HeatherN takes issue with an article from the BBC that claims pair-bonding is more important to women than to men.
According to a study conducted in the U.K., women call their spouses more often than any other person, whereas men only call their spouses more often for the first seven years of a relationship. This, along with other observations about men’s and women’s call history, has led researchers to conclude that women were the driving force behind romantic relationships. Perhaps unsurprisingly, I have a few problems with both the conclusions of the study and the article:
1. The article provides no references to the study itself. This is a problem with many “scientific” articles but that doesn’t excuse the practice. Often I’ll see articles that discuss what “a study found,” or that will quote a few sound bits from the researchers involved. What these sorts of articles never seem to have, however, is a reference to the publication of the research itself. I understand that an article might not have enough space to provide a detailed analysis of a researcher’s methodology or conclusions, but they should at least provide their readers with the means to look into the issue further. I mean, I can’t even tell whether the study referenced in this article has been published at all, and if it has whether it was in a peer reviewed journal or not. Sure, Professor Dunbar is from Oxford, but that doesn’t mean his study wasn’t problematic.
2. I’ve got one word: Heteronormativity. The article mentions that the researchers had access to the callers’ age and sex. That is not enough demographic information to draw cultural trends. How many of the men were biologically male, how many of the women were biologically female? Was there a visible difference between heterosexual versus homosexual relationships? How about between partners who were married versus partners who had been together without marriage? Did ethnicity or nationality have any measurable effect? These are all questions we don’t know because the only demographic information they had was age and biological sex. So it is unsurprising that they found explanations for behaviour in the callers’ ages and biological sex, as that’s the only demographic information they had.
3. A misuse of the term “modern humans.” At the very end of the article, Professor Dunbar is quoted as saying, “If you look at hunter-gatherers and you look at modern humans in modern post-industrial societies, we are much more matriarchal.” There are a few problems with that sentence, the first of which is implying that hunter-gatherer populations aren’t made up of modern humans. The term “modern human,” is used in the vernacular to describe Homo sapiens, and hunter-gatherer populations are made up of H. sapiens, just like post-industrial societies. The use of ‘modern humans’ in this article harkens back to a colonial view of the world, in which hunter-gatherer societies were viewed as savage and less human than industrial societies.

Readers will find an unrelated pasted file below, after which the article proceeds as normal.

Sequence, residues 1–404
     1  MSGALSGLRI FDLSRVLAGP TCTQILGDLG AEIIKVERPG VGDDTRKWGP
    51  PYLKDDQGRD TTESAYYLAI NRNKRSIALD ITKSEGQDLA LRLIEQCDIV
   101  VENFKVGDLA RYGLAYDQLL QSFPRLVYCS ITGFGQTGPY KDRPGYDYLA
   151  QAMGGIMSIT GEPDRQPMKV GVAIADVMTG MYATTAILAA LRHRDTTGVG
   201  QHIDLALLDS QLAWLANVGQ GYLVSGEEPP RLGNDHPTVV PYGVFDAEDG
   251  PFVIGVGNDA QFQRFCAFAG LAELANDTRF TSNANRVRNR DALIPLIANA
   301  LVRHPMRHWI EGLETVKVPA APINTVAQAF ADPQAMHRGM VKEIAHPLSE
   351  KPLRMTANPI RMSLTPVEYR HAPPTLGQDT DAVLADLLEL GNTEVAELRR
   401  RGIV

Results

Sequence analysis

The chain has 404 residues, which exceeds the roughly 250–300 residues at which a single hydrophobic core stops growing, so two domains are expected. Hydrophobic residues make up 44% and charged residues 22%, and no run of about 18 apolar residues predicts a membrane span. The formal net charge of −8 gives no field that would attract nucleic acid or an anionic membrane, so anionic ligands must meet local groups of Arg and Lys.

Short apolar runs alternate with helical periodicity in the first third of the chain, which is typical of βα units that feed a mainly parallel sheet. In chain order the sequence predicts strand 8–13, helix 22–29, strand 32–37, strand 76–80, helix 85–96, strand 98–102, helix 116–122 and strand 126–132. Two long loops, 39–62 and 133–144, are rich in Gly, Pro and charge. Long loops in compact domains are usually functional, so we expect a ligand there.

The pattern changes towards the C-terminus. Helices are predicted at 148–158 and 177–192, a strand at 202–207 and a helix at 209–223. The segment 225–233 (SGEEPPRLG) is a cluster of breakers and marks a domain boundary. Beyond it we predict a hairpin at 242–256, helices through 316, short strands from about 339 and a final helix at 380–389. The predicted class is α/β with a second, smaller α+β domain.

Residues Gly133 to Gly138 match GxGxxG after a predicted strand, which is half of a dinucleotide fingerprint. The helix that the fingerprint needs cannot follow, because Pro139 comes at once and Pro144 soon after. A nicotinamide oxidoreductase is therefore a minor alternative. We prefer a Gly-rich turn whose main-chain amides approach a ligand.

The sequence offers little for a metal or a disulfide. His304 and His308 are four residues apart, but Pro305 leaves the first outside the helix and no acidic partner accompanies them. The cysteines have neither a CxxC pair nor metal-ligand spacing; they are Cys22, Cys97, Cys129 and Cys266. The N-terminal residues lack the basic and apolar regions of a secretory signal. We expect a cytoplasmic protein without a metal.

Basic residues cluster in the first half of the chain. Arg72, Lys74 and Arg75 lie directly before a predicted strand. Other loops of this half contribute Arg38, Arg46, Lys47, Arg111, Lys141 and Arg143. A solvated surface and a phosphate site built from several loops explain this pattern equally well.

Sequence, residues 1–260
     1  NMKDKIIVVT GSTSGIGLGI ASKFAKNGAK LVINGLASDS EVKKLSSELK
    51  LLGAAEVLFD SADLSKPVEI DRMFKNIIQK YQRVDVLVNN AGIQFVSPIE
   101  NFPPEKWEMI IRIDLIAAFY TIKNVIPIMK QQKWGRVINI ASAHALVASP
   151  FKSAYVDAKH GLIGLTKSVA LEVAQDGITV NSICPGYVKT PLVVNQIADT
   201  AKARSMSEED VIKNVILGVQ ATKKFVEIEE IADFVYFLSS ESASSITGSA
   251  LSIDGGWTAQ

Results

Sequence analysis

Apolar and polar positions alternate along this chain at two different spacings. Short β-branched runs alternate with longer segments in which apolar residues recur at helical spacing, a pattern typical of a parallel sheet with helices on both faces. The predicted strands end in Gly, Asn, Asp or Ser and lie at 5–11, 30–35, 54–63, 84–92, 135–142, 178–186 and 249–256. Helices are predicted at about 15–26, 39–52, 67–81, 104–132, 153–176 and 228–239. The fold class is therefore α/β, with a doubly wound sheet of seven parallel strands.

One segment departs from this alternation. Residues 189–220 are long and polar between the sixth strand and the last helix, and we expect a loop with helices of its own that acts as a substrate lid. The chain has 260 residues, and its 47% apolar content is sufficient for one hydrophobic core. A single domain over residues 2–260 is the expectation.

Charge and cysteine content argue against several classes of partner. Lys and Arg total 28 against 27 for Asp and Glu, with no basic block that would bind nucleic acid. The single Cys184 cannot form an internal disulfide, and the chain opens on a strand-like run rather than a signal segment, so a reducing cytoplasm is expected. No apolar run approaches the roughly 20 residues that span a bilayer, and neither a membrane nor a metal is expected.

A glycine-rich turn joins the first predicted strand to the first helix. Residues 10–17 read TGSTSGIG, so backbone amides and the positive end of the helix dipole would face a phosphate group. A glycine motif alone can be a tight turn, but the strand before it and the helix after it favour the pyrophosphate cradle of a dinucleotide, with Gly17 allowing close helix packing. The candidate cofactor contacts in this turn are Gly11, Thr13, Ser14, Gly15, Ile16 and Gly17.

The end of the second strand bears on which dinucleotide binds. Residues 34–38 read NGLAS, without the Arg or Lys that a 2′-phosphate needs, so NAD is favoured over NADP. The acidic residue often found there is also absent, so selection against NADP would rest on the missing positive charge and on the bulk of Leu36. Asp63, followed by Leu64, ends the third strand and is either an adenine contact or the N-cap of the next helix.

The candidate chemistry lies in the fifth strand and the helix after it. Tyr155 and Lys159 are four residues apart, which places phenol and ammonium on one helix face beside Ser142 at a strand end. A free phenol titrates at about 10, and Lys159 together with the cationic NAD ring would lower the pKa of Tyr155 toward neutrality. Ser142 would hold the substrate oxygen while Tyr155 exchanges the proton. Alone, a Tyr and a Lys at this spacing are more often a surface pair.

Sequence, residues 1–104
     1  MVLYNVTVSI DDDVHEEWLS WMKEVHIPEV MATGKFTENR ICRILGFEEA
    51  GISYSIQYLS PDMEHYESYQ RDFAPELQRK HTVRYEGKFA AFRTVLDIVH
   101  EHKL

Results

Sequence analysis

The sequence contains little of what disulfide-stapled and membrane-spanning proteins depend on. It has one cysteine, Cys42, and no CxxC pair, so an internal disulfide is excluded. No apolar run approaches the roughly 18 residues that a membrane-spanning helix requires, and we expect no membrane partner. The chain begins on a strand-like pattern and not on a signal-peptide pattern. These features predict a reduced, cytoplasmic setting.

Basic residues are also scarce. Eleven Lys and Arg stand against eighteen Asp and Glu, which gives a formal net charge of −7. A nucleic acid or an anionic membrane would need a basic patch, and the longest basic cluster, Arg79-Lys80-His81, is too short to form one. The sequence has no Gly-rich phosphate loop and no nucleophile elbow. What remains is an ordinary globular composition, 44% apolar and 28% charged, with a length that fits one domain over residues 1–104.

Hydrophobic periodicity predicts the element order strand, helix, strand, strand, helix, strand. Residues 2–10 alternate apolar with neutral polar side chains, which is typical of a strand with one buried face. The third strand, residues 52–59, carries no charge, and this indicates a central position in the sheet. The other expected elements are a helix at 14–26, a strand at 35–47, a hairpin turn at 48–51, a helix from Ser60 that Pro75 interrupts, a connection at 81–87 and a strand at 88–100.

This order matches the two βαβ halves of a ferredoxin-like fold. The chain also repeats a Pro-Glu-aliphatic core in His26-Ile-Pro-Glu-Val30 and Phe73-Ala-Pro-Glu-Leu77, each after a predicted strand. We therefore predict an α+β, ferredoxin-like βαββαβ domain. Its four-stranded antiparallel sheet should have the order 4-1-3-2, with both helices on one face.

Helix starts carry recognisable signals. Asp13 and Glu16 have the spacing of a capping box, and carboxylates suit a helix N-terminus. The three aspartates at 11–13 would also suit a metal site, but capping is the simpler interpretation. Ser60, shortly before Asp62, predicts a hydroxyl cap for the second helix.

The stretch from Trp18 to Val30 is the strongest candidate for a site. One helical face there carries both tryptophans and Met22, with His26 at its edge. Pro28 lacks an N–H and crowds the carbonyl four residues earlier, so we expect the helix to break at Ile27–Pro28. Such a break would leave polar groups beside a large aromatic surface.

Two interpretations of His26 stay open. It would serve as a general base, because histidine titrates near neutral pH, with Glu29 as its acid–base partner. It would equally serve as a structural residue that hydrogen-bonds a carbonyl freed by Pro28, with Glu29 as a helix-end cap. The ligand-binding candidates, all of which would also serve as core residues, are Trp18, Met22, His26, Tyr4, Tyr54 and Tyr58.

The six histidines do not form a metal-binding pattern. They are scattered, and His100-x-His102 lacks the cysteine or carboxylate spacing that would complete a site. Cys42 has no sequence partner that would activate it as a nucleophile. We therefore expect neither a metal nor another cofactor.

4. A problematic use of ethnographic comparisons. In the same quote I mentioned in #3, Dunbar makes a general comparison between hunter-gatherer populations and post-industrial populations; this is a very general use of ethnographic comparison. This is a particularly general and irresponsible use of ethnographic comparison because Dunbar isn’t just making direct comparisons between two cultures. He’s actually grouping a whole lot of disparate cultures together under the heading “hunter-gatherer” and a whole lot of other disparate cultures together under “post-industrial” and then making a direct comparison between them. Responsible archaeologists and anthropologists use ethnographic comparisons carefully and contextually. Two cultures may share their level of technology or their means of obtaining food, but that doesn’t mean they share anything else.
So now I don’t even know whether the conclusions offered in the BBC article are accurate. There are enough problems with the study itself and with the article that it throws doubt onto those conclusions. Are women actually the driving force behind relationships? I don’t have the answer, and this article doesn’t really answer it either.